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Amtrak Train Derailment Near Philadelphia Leaves 2 Dead, 35 Injured

An Amtrak struck a piece of equipment along the busy Northeast Corridor Sunday morning leaving two people dead and at least 35 hurt.
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Two people were killed and 35 others were injured Sunday morning when an Amtrak train struck a backhoe and derailed south of Philadelphia, authorities said.

Seven crew members and 341 passengers were on the train traveling from New York to Savannah, Georgia, when the lead engine disconnected from the tracks in Chester about 8 a.m., according to Amtrak.

Two people, who weren't passengers on the train, were killed, and at least 35 passengers suffered non-life-threatening injuries, Chester Fire Commissioner Travis Thomas said.

Sen. Chuck Schumer, D-New York, said at a news conference that he was told by Amtrak that the workers who were killed were the backhoe's operator and a supervisor, both of whom worked for Amtrak.

Passengers said the collision between the train and the backhoe, followed by the derailment, caused a fireball and a plume of smoke.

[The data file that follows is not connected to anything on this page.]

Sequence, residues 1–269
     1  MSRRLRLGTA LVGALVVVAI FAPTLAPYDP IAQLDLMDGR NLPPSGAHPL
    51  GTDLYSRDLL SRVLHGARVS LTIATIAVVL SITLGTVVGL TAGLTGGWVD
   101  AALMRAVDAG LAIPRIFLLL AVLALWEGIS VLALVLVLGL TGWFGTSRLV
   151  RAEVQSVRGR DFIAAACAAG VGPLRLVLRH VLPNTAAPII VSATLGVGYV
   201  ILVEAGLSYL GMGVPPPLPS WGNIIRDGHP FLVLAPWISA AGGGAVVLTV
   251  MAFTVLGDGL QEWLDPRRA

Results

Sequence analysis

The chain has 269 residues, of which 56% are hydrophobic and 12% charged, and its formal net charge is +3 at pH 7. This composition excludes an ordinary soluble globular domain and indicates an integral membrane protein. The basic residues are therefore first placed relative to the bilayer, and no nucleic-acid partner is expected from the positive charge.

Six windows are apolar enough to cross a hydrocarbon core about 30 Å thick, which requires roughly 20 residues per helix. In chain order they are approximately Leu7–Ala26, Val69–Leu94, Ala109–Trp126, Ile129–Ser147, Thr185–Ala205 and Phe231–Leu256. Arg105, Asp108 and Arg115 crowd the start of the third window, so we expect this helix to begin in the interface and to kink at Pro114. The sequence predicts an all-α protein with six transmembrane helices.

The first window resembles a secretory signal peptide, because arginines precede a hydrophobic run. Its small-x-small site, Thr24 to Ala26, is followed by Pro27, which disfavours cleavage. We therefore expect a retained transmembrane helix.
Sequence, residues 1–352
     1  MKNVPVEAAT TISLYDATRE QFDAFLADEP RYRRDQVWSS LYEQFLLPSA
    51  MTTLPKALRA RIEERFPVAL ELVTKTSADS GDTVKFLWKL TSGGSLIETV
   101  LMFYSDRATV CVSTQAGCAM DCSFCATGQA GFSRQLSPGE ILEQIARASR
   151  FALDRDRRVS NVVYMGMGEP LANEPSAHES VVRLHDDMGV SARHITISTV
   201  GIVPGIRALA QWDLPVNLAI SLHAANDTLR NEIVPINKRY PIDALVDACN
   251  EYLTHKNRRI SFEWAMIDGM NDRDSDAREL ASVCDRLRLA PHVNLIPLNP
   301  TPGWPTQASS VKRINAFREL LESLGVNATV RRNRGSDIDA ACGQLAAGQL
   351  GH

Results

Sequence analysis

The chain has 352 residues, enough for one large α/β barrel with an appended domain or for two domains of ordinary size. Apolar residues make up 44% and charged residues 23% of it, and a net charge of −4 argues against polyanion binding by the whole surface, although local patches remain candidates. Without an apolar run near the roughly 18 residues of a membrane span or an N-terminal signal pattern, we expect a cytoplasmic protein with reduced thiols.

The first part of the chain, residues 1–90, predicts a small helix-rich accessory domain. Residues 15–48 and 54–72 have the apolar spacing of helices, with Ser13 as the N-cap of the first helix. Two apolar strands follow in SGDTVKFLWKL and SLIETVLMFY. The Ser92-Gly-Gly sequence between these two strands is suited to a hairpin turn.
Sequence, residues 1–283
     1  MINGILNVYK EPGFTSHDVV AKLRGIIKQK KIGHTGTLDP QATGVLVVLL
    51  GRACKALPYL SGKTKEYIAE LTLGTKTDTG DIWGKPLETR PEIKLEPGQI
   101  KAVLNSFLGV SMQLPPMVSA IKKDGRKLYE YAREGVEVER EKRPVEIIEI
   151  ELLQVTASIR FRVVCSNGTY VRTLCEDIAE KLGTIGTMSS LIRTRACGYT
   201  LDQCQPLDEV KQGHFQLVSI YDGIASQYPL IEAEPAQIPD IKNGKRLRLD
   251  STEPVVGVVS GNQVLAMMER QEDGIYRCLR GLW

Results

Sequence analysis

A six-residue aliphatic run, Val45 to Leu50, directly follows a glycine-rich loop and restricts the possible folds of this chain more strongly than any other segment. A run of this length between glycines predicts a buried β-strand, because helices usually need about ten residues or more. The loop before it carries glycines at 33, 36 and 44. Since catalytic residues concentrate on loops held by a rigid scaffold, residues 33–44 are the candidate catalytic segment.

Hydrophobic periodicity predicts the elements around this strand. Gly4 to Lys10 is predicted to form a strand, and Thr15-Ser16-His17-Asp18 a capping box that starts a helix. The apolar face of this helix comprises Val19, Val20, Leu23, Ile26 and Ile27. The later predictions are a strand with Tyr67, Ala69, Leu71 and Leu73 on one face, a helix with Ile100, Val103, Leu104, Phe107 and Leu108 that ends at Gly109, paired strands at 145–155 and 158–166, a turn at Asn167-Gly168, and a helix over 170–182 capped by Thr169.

"There was an explosion, then a fire, then the windows busted out," said Linton Holmes, a 15-year-old from Wilson, North Carolina, who was riding in the back of the train. Linton said he saw some people bloodied, but their injuries looked "minor."

Stephanie Burroughs, another passenger, told NBC News that those around her were relieved the cars didn't flip over. "We immediately thought this is a train derailment. But then we stayed upright," Burroughs said.

Northeast Corridor service between Wilmington, Delaware, and Philadelphia was expected to be back to normal Monday, Amtrak said. Limited service between the two cities resumed at about 2:30 p.m. Sunday, according to Amtrak.

It wasn't immediately clear what the backhoe was doing on the tracks. Officials with the Federal Railroad Administration said they had arrived on the scene, and National Transportation Safety Board investigators were en route, according to the agency.

The derailment comes nearly a year after eight people were killed and more than 200 others were injured when an Amtrak train traveling from Washington, D.C., bound for New York City derailed in Philadelphia.

Authorities haven't officially determined the cause of that derailment but have said the train was traveling twice the speed limit.